Addressing Intolerance of Uncertainty in Anxious Young People with Autism Spectrum Disorder

Thursday, May 11, 2017: 5:30 PM-7:00 PM
Golden Gate Ballroom (Marriott Marquis Hotel)
J. Rodgers1, M. Freeston2, E. Honey3, A. Hodgson4, K. Shields4 and C. Wright5, (1)Institute of Neuroscience, Newcastle University, Newcastle Upon Tyne, United Kingdom, (2)Psychology, Newcastle University, Newcastle, United Kingdom, (3)Northumberland, Tyne and Wear NHS Foundation Trust, Newcastle Upon Tyne, UNITED KINGDOM, (4)Newcastle University, Newcastle, United Kingdom, (5)Northumbria Healthcare, Newcastle, United Kingdom

Anxiety is a significant problem for many children with autism spectrum disorder (ASD), who frequently present with multiple anxiety disorders concurrently. Treatments targeting underlying anxiety mechanisms may therefore be most efficacious. Over the last five years our group has worked towards providing a theoretically informed formulation of anxiety in ASD. This work has focused on a consideration of a well-established model of anxiety: the Intolerance of Uncertainty Model. Intolerance of uncertainty (IU) is a ‘broad dispositional risk factor for the development and maintenance of clinically significant anxiety’ in neurotypical populations. The concept of IU has utility not only to theoretically inform understanding of the factors underlying the development and maintenance of anxiety, but has also been shown to be a beneficial target for treatment. Intervention studies with neurotypical individuals with high IU provide evidence that reduction of IU is associated with reduction in anxiety. Cognitive behavioural treatments for clinically anxious patients have been developed which emphasise treating the cognitive process rather than the cognitive content of anxiety, specifically by aiming to increase patients’ tolerance for uncertainty and thereby achieving more sustainable change. Over the past five years research has investigated the relevance of IU to anxiety in ASD. This work indicates that IU is a key construct in anxiety in children and adolescents with ASD, which may account for the increased vulnerability to a range of anxiety disorders in this population.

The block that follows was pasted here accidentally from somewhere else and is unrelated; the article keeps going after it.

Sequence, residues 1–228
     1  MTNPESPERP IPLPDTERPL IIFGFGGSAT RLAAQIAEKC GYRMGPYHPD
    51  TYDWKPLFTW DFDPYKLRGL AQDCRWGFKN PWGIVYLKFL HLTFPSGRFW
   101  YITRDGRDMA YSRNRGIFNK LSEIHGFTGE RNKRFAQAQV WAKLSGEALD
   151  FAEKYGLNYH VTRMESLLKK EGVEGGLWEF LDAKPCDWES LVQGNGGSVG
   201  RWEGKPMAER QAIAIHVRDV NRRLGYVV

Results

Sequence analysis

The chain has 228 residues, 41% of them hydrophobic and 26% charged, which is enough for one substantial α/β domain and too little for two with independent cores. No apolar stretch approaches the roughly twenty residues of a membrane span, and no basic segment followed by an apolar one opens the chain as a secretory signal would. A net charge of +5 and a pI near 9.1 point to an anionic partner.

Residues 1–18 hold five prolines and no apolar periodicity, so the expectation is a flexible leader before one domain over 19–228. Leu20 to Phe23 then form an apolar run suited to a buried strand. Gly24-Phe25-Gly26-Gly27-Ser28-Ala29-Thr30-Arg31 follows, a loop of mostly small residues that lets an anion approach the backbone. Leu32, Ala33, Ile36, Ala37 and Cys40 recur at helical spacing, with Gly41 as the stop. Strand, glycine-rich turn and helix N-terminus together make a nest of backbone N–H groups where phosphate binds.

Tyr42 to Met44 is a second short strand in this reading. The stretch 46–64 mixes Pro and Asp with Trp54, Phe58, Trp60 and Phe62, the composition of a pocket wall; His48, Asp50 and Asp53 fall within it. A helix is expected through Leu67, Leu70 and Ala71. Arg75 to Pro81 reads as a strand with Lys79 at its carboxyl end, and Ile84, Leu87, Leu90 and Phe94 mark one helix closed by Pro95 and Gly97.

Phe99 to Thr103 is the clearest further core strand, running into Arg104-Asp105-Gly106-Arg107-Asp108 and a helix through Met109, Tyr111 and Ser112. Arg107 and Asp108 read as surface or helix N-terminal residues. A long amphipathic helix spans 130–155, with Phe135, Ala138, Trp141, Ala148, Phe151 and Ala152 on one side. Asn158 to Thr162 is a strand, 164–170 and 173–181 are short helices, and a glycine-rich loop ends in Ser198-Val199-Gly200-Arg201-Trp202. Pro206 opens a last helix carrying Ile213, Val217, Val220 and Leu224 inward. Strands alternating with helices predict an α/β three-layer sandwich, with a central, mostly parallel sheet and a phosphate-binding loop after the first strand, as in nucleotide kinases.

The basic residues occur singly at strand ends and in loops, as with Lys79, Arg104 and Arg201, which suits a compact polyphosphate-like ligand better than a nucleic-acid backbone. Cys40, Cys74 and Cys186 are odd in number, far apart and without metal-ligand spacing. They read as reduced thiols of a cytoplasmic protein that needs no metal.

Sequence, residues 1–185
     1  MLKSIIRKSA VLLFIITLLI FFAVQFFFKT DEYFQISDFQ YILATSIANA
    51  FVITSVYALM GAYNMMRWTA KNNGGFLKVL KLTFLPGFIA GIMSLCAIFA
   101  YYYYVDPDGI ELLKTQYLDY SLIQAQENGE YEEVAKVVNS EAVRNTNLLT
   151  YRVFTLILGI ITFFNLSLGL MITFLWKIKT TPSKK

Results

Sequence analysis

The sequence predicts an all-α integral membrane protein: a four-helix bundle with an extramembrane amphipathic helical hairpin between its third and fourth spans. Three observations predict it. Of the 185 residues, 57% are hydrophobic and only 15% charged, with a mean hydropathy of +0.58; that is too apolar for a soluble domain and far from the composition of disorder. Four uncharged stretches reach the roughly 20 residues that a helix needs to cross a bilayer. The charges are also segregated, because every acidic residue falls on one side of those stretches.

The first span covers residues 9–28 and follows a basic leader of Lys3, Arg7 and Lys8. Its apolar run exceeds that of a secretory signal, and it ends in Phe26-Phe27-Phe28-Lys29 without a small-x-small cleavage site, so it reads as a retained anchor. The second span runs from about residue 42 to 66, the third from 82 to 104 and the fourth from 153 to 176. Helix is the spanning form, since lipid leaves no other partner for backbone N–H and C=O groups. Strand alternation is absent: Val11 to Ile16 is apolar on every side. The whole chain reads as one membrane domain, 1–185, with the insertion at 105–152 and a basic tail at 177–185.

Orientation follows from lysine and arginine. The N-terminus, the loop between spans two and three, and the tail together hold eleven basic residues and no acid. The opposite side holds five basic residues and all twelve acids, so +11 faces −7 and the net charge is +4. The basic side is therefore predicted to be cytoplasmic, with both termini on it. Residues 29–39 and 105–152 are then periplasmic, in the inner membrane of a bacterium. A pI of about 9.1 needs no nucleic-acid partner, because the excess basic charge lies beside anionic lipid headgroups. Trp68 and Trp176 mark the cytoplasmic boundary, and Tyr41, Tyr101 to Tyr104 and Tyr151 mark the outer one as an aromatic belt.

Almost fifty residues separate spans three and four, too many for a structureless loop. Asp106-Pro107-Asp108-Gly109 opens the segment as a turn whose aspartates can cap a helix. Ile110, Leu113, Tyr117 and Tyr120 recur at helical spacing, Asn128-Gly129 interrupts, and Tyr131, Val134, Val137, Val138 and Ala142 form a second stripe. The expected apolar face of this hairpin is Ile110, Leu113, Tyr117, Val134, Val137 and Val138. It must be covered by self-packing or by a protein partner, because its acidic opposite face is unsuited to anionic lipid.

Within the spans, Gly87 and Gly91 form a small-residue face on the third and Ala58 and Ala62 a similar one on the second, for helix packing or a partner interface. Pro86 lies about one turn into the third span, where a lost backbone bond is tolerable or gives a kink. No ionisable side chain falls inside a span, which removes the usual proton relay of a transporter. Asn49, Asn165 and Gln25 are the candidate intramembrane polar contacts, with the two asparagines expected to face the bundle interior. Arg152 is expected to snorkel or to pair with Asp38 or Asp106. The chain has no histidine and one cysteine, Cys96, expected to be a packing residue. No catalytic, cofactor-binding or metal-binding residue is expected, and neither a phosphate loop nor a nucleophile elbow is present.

Our objective was to develop and evaluate the feasibility and acceptability of a parent mediated, group intervention targeting IU for young people with ASD.


Phase One: Parent focus groups informed the development of the materials and trainers’ manual. An eight week manualised intervention programme was developed; CUES, Coping with Uncertainty in Everyday Situations©. The treatment provides parents of children with ASD, with effective strategies to reduce their child’s IU in everyday situations.

Phase Two: The programme was delivered to 11 parents of children with ASD, aged between 8 and 15 years across three treatment groups, two recruited via a research data base and one via clinical services. The intervention included in-session activities and homework tasks, which focus on increasing tolerance of uncertain situations. Baseline and outcome measures assessing child and parent anxiety and IU were completed. Individual follow-up interviews were undertaken with parents to ascertain acceptability and feasibility.

Results:  Data regarding retention, acceptability and feasibility indicate that the parents who participated valued the programme. Preliminary data relating to effect size analyses of outcome measures indicate that the programme has promise as a treatment option of young people with ASD and IU. Parents reported a reduction in their own and their child’s intolerance of uncertainty and anxiety subsequent to participation on the programme.


The findings indicate that parents of young people with ASD view an intervention which focuses on intolerance of uncertainty to be valid and meaningful. The data available indicate that CUES may have promise as a targeted package to assist young people with ASD and their families to manage their responses to uncertainty.